To chill or not to chill?

Having given a response to another thread an mentioning chilling, I thought it might be useful to start a discussion on this.
So often labels state that a wine is best chilled. This is so often interpreted as ‘straight out of the fridge’. Years ago in Germany I was told that the chilling of white wine idea was a marketing ploy at the Blue Nun generation to mask the taste of the somewhat inferior wines being exported. When I did my WSET it was suggested that the best way to taste sparklers is to let it go flat, and taste at room temperature.
As a matter of personal preference, I serve/drink white wines at about 9degrees…cool but not chilled…and reds at about 14.
This enables the volatiles to come out and for a richer drinking experience.
Cold stuns the taste buds, and suppresses the nose.


I think that approach also makes sense as the wine in the glass does not get too warm too fast.

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We tend to serve most whites between 9 and 11 degrees; this seems to work well for the aromatics, as well as oaked whites, white Côtes du Rhône etc. The only ones we serve well chilled are the lighter ones, wines like Verdejo, Vermentino and so on. Fizz we always serve ice cold, though I agree that it does mask the flavours at times. Mind you, warm fizz is one of the most disgusting things I can think of, so I’ll sacrifice some melon and peach scent/flavour for a more pleasurable mouth-feel. With reds- we’ll try and ensure they don’t taste ‘too hot’ and if they are, we will chill for 20 minutes or so, which seems to work very well.

There’s a useful maxim that says that the majority of whites are served too cold, and the majority of reds too warm.

To expand things a bit, a good white burgundy (say) is a complex thing, and chilling it too far will lose you a lot of its internal complexity. Likewise, most pinot noirs may push towards a lack of balance when served too warm, and other bigger wines can go jammy and alcoholic. The old recommendation to serve reds at room temperature goes back to the days before central heating. It’s fair to assume that room temperature in those days was probably nearer 16C. Cooler in winter perhaps.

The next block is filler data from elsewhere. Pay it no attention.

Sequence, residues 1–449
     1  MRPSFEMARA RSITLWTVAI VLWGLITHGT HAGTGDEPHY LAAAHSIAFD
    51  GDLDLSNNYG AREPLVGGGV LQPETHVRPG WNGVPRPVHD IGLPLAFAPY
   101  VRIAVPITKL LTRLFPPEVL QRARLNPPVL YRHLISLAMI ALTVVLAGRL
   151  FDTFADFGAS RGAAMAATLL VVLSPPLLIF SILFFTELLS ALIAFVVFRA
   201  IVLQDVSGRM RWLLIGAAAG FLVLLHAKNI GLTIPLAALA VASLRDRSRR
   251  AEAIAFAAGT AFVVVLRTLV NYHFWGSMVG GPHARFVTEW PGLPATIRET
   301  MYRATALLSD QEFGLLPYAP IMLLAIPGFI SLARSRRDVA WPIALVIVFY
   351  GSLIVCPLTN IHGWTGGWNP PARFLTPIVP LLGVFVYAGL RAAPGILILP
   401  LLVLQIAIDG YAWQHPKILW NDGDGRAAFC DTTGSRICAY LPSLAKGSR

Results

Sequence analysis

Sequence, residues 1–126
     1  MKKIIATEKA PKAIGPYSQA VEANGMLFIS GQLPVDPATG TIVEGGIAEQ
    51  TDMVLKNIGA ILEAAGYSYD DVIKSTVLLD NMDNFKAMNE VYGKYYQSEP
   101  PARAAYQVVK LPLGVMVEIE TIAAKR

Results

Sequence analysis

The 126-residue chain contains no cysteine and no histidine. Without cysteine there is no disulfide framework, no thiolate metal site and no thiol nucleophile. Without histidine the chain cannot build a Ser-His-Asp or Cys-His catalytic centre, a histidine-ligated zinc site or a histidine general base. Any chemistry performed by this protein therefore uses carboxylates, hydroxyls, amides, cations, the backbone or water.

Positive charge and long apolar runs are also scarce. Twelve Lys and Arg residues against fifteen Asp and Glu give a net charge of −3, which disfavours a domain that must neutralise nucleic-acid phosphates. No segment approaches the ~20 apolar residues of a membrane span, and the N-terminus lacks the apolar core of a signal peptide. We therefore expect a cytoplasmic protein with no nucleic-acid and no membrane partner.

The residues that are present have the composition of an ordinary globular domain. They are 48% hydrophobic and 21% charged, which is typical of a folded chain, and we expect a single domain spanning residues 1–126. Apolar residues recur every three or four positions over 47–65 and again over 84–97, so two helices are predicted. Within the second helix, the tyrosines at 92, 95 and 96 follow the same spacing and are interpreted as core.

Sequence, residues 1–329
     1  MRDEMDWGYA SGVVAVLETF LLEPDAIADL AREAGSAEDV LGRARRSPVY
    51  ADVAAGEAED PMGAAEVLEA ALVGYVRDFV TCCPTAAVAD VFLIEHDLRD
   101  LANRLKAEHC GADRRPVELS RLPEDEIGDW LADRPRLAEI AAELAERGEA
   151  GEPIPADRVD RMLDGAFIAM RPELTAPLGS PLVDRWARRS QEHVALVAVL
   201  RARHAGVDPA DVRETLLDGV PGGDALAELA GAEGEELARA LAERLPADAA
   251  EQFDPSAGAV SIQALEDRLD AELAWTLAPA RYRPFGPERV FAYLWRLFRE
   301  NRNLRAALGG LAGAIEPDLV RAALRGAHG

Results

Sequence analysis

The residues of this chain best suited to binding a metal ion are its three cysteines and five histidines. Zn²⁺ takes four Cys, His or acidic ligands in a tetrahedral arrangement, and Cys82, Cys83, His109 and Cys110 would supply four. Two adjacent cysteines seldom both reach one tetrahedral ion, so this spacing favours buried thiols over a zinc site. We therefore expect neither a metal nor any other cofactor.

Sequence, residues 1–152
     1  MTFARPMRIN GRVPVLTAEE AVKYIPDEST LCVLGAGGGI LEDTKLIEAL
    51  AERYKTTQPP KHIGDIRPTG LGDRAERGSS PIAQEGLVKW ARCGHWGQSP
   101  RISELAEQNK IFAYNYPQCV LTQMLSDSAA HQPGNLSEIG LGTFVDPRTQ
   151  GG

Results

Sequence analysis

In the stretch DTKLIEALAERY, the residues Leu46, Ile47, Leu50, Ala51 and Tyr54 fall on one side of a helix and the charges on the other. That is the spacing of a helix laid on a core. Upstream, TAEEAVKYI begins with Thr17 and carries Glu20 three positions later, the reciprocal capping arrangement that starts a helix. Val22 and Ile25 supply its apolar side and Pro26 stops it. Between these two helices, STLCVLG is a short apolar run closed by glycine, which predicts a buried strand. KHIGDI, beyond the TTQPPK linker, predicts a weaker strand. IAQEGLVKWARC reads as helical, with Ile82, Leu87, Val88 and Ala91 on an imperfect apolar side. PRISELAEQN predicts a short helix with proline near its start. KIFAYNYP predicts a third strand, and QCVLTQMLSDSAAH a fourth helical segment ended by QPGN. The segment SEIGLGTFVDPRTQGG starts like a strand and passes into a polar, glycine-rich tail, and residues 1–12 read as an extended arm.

Serving sparklers flat and at room temperature is a seriously punishing test! Lots of sparklers originated the way they are precisely because of their history of being difficult at ambient temperatures. But it is a powerful way of seeing what the underlying wine is like, which I assume is behind @Ludlow_Steve 's WSET recommendation. Some of the best quality sparklers are actually quite “winey” and show well when pushed this way. But it certainly highlights deficiencies.

I have settled onto a scheme of trying to serve my wines at temperatures that I think will best suit them. This is fine if you have had them before though it can leave you at sea with unfamiliar wines. Fortunately having one of those chiller collars in the freezer can sort things out quickly. In the other direction, a bit of swirling and leaving the bottle on the table to warm a bit helps in the opposite direction. A quick taste on opening is the way to go here.


I tend to follow @Ghost-of-Mr-Tallis guidelines.
My cellar operates at 13°, so up to an hour in the fridge for most whites, fizz a bit colder, and an hour+ to decant and warm reds works pretty well.
Having done WSET tastings at room temperature, I can’t think of a white wine I’d prefer to drink at over 13°.
And on warmer days some pinot noirs and gamays will get 20 minutes in the fridge.
While some people find the novelty wears off, I find these gadgets quite useful.


I think that was the last nudge for me to finally buy a wine bottle thermometer…

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I need to add a third one…

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Why not just get a digital thermometer. I use it for everything

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I don’t think you understand this… different things call for different thermometers… :thermometer:



When its hot I put all my reds in the fridge for 30 minutes before opening.

If a glass of white - or red - wine is too warm I’ll put an ice cube in it.

It used to be said that reds should be served at “cellar” temperature, but as few have a cellar that is a bit vague, we do or are inclined to have white wines far to cold and red well varied is the best description, as usual Jancis has a good piece on this…

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